Social tips for photographers: 6 steps for improving your social media performance

(Image credit: Pexels)

We’ve all experienced the frustration of posting an image we’re proud of on social media, expecting a positive response and receiving lower engagement than we would have hoped. It can be difficult to identify what went wrong in these circumstances, which only adds to the sense of confusion. Performance of posts on Facebook, Twitter and Instagram is a far more complex system than many people realize and the quality of our photography is only one influencing factor in how many likes, favorites and comments they accumulate. 

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Part of the issue is how we approach our social channels. When posting for ourselves, on personal platforms, we can afford ourselves the freedom to add content when we like and interact with who we want, without a structured engagement strategy. If using these same outlets for marketing purposes, we have to be more focussed in our objectives. Here we explore some of the main errors of which to be aware, so you can improve your social reach today.

1: Post and post again 

(Image credit: Pexels)

Many social users look down on re-posting content multiple times, however there are those who swear by this technique for maximizing hit rate. The logic is that not all of your followers will see your posts the first time, so reposting will ensure greater accumulated engagement. Posting only once may cost you the attention of up to 75% of your total followers. Use for posts containing links or important information.

2: Image sizing

(Image credit: Future)

As photographers we will no doubt be using social media to show off the quality of our images. For this to be successful and to garner the greatest possible attention, don’t leave image down-scaling to automatic algorithms. Pre-size your files in photo-editing software before uploading to avoid unexpected artefacts, which can degrade the appearance of your work.  

3: Bad timing 

(Image credit: Future)

It can be tempting to simply post content once you have finished creating it, but this may not yield the greatest audience access. Consider when your desired viewership will be online and schedule posts for those times. If seeking a professional following for example, posting at weekends may not be the best strategy.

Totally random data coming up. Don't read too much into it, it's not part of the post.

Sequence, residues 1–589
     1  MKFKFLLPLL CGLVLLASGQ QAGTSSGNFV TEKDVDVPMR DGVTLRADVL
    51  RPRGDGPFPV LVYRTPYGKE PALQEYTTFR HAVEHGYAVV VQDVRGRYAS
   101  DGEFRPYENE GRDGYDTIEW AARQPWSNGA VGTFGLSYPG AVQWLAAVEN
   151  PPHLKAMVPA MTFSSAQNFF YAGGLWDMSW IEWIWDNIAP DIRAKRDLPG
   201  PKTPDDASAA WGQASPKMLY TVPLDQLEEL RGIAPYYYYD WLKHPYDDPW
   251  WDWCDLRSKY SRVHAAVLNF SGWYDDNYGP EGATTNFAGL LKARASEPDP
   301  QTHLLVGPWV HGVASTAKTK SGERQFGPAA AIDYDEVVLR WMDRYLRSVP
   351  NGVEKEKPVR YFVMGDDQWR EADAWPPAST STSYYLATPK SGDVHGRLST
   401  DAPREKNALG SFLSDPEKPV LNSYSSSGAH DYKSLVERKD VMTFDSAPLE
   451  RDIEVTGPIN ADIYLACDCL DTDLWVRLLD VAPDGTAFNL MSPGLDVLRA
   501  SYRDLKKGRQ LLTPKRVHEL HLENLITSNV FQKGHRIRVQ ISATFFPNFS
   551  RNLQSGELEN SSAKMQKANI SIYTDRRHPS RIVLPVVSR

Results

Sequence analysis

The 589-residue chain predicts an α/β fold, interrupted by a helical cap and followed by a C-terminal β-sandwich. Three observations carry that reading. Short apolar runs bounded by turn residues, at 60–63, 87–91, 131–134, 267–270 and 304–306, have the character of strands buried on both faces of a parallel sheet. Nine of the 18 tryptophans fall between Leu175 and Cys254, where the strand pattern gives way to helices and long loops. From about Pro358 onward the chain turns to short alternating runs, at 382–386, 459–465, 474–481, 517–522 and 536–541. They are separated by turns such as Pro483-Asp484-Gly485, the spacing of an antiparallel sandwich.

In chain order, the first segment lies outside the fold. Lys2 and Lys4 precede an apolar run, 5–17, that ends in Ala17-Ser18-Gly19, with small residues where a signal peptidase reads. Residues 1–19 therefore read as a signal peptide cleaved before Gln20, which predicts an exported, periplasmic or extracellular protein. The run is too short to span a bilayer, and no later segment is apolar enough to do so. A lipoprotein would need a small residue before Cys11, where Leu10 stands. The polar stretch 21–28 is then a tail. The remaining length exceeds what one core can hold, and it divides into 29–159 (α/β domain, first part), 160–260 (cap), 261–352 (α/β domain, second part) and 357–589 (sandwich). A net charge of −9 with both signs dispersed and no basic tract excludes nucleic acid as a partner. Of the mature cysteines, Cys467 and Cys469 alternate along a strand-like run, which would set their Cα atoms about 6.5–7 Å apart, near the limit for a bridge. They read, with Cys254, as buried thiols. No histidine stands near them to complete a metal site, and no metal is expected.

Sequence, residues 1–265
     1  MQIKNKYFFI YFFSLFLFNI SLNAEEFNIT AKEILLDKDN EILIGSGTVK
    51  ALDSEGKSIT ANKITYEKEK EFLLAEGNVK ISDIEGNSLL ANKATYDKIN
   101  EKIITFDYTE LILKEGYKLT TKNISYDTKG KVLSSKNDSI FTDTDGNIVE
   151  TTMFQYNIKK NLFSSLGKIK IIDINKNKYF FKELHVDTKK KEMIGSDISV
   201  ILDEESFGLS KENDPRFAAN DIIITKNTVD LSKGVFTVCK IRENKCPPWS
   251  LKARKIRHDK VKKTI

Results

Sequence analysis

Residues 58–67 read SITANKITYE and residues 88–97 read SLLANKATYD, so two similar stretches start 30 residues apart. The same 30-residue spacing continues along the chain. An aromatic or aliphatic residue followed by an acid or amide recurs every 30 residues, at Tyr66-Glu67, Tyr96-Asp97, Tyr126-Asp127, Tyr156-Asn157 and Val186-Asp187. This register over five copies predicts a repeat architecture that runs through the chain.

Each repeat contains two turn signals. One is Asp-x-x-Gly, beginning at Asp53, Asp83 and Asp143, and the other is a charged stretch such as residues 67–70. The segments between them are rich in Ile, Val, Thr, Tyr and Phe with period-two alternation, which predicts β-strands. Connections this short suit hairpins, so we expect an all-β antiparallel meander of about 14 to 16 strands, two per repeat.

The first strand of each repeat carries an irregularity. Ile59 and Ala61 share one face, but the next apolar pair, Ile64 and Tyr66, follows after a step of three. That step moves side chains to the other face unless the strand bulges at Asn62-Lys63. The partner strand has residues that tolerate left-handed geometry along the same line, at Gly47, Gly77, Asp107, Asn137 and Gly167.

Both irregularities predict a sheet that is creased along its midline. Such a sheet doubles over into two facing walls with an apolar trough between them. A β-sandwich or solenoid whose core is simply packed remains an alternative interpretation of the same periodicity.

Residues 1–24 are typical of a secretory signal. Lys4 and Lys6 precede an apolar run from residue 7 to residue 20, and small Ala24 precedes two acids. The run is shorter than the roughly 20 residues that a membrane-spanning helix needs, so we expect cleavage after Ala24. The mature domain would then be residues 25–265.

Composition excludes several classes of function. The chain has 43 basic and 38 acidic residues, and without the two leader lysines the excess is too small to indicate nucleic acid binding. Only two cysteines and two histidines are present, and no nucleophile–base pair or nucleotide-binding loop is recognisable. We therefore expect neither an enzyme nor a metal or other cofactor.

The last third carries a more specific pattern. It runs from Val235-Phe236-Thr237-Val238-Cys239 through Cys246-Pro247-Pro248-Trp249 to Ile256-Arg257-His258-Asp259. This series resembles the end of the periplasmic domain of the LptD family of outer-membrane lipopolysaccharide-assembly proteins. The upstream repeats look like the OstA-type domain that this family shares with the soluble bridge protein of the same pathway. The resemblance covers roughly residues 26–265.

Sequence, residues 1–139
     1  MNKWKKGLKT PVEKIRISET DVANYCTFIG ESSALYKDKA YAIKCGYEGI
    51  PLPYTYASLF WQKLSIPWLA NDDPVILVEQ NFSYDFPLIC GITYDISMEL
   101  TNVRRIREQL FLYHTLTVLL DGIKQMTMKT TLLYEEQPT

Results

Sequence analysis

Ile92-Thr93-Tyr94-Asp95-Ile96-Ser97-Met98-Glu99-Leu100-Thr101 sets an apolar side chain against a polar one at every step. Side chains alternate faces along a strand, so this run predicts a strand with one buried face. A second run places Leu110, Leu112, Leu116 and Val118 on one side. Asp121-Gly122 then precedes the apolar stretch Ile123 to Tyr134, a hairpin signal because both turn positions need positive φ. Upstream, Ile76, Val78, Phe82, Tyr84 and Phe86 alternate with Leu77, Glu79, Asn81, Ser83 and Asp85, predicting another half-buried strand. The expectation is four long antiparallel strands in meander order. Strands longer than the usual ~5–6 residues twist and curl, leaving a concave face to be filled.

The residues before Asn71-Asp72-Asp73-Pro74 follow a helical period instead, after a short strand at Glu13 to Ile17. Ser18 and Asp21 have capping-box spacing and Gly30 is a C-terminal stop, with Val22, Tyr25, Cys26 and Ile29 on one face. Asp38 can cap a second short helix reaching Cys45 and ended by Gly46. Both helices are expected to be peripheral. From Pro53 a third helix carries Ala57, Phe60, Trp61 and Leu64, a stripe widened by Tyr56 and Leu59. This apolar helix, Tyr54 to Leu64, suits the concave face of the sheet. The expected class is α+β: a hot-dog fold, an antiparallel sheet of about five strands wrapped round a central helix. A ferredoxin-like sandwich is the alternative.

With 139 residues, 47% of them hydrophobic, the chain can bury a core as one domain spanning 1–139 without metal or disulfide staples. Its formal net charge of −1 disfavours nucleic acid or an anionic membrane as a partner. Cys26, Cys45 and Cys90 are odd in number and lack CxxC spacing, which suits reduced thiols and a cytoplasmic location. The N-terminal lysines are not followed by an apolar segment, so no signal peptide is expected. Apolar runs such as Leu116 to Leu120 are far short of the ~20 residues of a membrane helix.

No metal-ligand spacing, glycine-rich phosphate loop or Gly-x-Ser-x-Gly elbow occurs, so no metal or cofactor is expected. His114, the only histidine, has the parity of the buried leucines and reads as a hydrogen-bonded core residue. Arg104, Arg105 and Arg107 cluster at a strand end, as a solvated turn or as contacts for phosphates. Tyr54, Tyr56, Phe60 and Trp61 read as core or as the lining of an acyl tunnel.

4: Missed mentions 

(Image credit: Future)

While it is important to maintain a professional image, don’t miss out on the social aspect of social platforms! Interact with other users by responding to follower comments and mentioning important accounts in the industry, in relevant posts. This makes your presence more visible. By only posting content and failing to engage with viewers you will be missing out on a large proportion of potential hits.

5: Text overload

(Image credit: Pexels)

Social posts will often have the greatest engagement when they appear quick and accessible. As photographers our main medium should be imagery, so ensure your posts don’t feature too much descriptive text. Let the images speak for themselves. Don’t fill your twitter character limit with hashtags - more will not necessarily gain you more attention and the length of the post may encourage users to scroll past your content to a snappier, more digestible post.  

6: Off topic

(Image credit: Future)

Since photography is a visual medium, viewers will instantly respond to your content in their feed. Posting non-relevant material or out-of--season images will likely fail to attract the greatest engagement. Showing winter images in July or autumnal scenes in January will not degrade the quality of the images, but may not generate the greatest performance on social, purely because these types of shot are not what people are searching for at the times they were posted.


Not only do we have to focus our social media strategy for business purposes, but we also need to think as a photographer when sharing content. Think about how to maximise the quality of your product (your images), what your audience are looking to find online and how best to ensure they see what you want them to see.  

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Peter Fenech

As the Editor for  Digital Photographer magazine, Peter is a specialist in camera tutorials and creative projects to help you get the most out of your camera, lens, tripod, filters, gimbal, lighting and other imaging equipment.

After cutting his teeth working in retail for camera specialists like Jessops, he has spent 11 years as a photography journalist and freelance writer – and he is a Getty Images-registered photographer, to boot.

No matter what you want to shoot, Peter can help you sharpen your skills and elevate your ability, whether it’s taking portraits, capturing landscapes, shooting architecture, creating macro and still life, photographing action… he can help you learn and improve.